LONG BEACH, CA — Many people are feeling anxious and worried, and struggling to keep their spirits up while being cooped up in their homes due to the new coronavirus — but this is how shelter dogs feel all the time, said Emily Peters, founder and president of Live Love Animal Rescue.
Luckily, Long Beach shelter dogs are getting some relief. All available dogs at the Long Beach Animal Care Shelter (LBACS), about 50 total, were matched and placed in new foster homes amid the coronavirus pandemic, thanks to animal rescue organizations Live Love Animal Rescue, Blockhead Brigade and Pitty Pawfessors.
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“People should always foster, but especially right now because you get the benefit of having a companion dog without the costs,” Peters said. “You have a whole support team around you.”
The emergency foster program was launched March 20 after LBACS closed to the public and reduced their on-site operations for the safety of staff and volunteers in an attempt to slow the spread of the new coronavirus. Peters spent the last few days getting to know each shelter dog in order to match them with an appropriate foster, she said.
“Fosters can't come into the shelter to meet the dogs, so it’s been a logistical challenge on our end because we’re having to be really thorough in explaining the dogs to the fosters,” Peters said. “The fosters pull up right in front of the shelter to pick out the supplies they need, and we hand them the leash while standing six feet away — luckily all the leashes are about six feet long.”
LBACS had 87 dogs when the emergency foster program began. After “quite a number of dogs were adopted, and others were returned to their owners,” 43 have been placed in foster homes. The last 8 to 10 dogs are scheduled to be pulled from the shelter Thursday, Peters said.
Foster parents are also offered free dog walks through Live Love Pet Care, a pet care business connected to the rescue organization. Fostering is important because dogs get adopted quicker when they’re in foster homes — their training is maintained, the dogs are able to socialize, and they’re not under the stress of a shelter environment, Peters said.
“This is, in my opinion, how the shelter should run ongoing,” she said. “We’re going to draft a proposal to City of Long Beach for funding because it’ll save taxpayers money and is also in the best interest of the dogs. Fostering is the future of animal welfare.”
The project is made possible thanks to a $5,000 donation from Friends of Long Beach Animals and the Disney VoluntEARS Community Fund, which has agreed to reallocate a $5,000 grant originally intended for another program to support this emergency effort, a Live Love Animal Rescue news release said.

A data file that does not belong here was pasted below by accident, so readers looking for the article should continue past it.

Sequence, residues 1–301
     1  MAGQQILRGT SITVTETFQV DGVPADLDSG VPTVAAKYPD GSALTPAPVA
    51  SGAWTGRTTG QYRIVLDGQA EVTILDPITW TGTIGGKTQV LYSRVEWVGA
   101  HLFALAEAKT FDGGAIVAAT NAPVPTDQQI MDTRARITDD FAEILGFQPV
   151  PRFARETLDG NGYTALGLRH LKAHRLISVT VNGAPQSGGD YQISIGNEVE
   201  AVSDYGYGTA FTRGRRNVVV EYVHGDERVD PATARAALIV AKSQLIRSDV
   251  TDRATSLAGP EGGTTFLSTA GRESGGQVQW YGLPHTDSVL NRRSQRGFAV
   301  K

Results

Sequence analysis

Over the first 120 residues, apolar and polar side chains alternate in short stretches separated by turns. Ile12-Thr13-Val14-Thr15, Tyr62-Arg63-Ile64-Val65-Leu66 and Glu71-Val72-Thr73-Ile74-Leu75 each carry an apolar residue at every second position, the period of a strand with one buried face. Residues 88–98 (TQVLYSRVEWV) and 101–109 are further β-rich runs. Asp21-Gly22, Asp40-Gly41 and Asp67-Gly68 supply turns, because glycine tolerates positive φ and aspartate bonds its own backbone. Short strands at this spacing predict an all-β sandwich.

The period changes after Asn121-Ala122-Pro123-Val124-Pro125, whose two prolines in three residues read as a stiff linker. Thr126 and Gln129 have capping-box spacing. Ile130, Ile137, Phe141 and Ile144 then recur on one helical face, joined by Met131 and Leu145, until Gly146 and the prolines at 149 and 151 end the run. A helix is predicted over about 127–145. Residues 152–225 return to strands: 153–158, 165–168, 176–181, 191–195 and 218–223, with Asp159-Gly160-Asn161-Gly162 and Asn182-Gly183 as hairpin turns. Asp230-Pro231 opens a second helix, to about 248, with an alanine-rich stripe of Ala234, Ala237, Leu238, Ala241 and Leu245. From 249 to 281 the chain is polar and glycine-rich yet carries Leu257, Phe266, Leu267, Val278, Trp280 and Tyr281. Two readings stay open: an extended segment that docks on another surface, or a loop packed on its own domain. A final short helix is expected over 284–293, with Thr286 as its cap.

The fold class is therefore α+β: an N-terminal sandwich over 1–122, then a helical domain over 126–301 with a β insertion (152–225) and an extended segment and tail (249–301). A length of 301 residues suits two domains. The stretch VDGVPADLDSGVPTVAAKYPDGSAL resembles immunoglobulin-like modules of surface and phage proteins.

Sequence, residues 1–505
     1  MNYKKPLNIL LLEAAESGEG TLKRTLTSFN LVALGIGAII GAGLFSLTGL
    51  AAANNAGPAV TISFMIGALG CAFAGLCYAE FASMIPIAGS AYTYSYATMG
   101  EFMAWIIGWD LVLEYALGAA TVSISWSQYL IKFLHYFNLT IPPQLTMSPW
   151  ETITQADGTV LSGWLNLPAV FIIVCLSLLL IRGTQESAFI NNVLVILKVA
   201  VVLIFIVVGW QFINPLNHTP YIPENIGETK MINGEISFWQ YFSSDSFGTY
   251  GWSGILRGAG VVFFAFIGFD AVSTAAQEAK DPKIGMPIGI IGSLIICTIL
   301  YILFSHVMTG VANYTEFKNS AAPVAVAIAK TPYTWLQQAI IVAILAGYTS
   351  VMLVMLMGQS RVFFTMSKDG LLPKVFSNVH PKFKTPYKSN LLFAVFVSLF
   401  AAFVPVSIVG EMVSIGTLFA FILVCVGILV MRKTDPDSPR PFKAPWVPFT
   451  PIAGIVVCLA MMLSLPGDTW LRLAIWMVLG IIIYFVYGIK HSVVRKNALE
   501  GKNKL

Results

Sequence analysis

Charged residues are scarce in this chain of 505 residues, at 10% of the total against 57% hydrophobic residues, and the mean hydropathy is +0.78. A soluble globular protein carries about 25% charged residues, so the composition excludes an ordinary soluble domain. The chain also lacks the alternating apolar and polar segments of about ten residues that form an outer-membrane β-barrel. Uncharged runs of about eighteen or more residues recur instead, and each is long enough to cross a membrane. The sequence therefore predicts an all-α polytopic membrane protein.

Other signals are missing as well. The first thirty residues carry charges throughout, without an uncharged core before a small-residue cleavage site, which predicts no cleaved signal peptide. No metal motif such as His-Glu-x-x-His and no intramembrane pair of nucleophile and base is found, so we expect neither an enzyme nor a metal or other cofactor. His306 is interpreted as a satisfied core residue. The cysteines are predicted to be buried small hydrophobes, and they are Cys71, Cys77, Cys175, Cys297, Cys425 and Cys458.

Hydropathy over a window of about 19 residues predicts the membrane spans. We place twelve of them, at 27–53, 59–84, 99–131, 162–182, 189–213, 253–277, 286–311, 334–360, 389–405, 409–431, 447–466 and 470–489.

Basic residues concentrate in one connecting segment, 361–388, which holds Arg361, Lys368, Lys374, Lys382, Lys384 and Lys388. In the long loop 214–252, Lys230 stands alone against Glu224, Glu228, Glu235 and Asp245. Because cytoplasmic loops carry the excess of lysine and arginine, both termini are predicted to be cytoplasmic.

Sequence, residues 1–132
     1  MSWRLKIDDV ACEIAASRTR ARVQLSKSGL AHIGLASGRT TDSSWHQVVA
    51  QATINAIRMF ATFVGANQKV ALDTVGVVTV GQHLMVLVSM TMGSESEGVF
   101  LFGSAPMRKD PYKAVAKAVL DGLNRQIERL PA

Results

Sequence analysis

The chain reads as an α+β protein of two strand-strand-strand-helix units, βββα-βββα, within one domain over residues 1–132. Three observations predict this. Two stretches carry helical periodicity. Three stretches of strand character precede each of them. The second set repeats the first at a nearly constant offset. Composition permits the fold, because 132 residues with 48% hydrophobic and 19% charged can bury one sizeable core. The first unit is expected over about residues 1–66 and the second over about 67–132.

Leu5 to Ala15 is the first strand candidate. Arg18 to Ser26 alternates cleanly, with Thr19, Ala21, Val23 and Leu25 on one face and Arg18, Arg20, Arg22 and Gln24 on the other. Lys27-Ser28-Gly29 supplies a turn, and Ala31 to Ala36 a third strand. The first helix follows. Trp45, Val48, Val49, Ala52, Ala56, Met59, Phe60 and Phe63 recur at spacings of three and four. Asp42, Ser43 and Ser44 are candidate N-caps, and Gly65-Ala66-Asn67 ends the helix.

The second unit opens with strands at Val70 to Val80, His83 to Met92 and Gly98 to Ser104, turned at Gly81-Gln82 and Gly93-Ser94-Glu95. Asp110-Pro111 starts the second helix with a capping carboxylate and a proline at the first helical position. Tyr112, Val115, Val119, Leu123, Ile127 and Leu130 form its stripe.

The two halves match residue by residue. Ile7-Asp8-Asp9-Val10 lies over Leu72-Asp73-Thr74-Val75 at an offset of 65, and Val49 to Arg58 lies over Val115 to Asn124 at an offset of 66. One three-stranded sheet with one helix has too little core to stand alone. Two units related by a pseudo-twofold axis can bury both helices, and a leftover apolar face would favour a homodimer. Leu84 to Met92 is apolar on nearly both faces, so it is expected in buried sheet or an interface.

“These funds are absolutely crucial to get as many dogs out of the shelter and into foster care as quickly as possible, and we are very grateful for the support of our partners,” Peters said.
Once all the dogs are in their new foster homes, Live Love Animal Rescue will hold virtual meet-and-greets and adoption events to help them find their forever homes. For more information on fostering or adoptable dogs, visit the Live Love Animal Rescue website.
There is currently no vaccine to prevent coronavirus disease 2019 (COVID-19). The best way to prevent illness is to avoid being exposed to this virus. However, as a reminder, CDC always recommends everyday preventive actions to help prevent the spread of respiratory diseases, including:
- Avoid touching your eyes, nose, and mouth.
- Stay home when you are sick.
- Cover your cough or sneeze with a tissue, then throw the tissue in the trash.
- Clean and disinfect frequently touched objects and surfaces using a regular household cleaning spray or wipe.
- Follow CDC's recommendations for using a facemask.
- CDC does not recommend that people who are well wear a facemask to protect themselves from respiratory diseases, including COVID-19.
- Facemasks should be used by people who show symptoms of COVID-19 to help prevent the spread of the disease to others. The use of facemasks is also crucial for health workers and people who are taking care of someone in close settings (at home or in a health care facility).
- Wash your hands often with soap and water for at least 20 seconds, especially after going to the bathroom; before eating; and after blowing your nose, coughing, or sneezing.
- If soap and water are not readily available, use an alcohol-based hand sanitizer with at least 60% alcohol. Always wash hands with soap and water if hands are visibly dirty.